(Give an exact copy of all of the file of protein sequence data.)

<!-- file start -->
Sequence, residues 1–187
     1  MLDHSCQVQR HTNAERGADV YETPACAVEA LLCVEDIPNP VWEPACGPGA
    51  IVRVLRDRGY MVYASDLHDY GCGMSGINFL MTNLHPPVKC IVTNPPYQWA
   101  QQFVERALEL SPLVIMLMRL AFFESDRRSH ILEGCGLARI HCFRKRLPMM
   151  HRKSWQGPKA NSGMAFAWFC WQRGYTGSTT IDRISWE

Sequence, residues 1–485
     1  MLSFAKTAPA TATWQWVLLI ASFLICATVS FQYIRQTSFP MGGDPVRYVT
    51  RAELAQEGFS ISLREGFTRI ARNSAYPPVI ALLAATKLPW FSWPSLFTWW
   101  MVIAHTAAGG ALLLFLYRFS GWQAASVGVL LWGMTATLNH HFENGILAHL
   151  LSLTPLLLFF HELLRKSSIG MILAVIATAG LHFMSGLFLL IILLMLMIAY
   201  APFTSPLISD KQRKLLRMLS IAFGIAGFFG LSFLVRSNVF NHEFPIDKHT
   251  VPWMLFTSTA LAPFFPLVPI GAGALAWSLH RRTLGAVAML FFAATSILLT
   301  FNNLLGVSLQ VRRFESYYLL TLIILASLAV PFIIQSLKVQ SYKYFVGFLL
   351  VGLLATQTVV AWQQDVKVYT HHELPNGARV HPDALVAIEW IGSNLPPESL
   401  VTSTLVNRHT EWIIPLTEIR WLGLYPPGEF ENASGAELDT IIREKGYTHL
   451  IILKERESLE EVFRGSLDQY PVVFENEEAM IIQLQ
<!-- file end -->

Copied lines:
Sequence, residues 1–187
     1  MLDHSCQVQR HTNAERGADV YETPACAVEA LLCVEDIPNP VWEPACGPGA
    51  IVRVLRDRGY MVYASDLHDY GCGMSGINFL MTNLHPPVKC IVTNPPYQWA
   101  QQFVERALEL SPLVIMLMRL AFFESDRRSH ILEGCGLARI HCFRKRLPMM
   151  HRKSWQGPKA NSGMAFAWFC WQRGYTGSTT IDRISWE

Sequence, residues 1–485
     1  MLSFAKTAPA TATWQWVLLI ASFLICATVS FQYIRQTSFP MGGDPVRYVT
    51  RAELAQEGFS ISLREGFTRI ARNSAYPPVI ALLAATKLPW FSWPSLFTWW
   101  MVIAHTAAGG ALLLFLYRFS GWQAASVGVL LWGMTATLNH HFENGILAHL
   151  LSLTPLLLFF HELLRKSSIG MILAVIATAG LHFMSGLFLL IILLMLMIAY
   201  APFTSPLISD KQRKLLRMLS IAFGIAGFFG LSFLVRSNVF NHEFPIDKHT
   251  VPWMLFTSTA LAPFFPLVPI GAGALAWSLH RRTLGAVAML FFAATSILLT
   301  FNNLLGVSLQ VRRFESYYLL TLIILASLAV PFIIQSLKVQ SYKYFVGFLL
   351  VGLLATQTVV AWQQDVKVYT HHELPNGARV HPDALVAIEW IGSNLPPESL
   401  VTSTLVNRHT EWIIPLTEIR WLGLYPPGEF ENASGAELDT IIREKGYTHL
   451  IILKERESLE EVFRGSLDQY PVVFENEEAM IIQLQ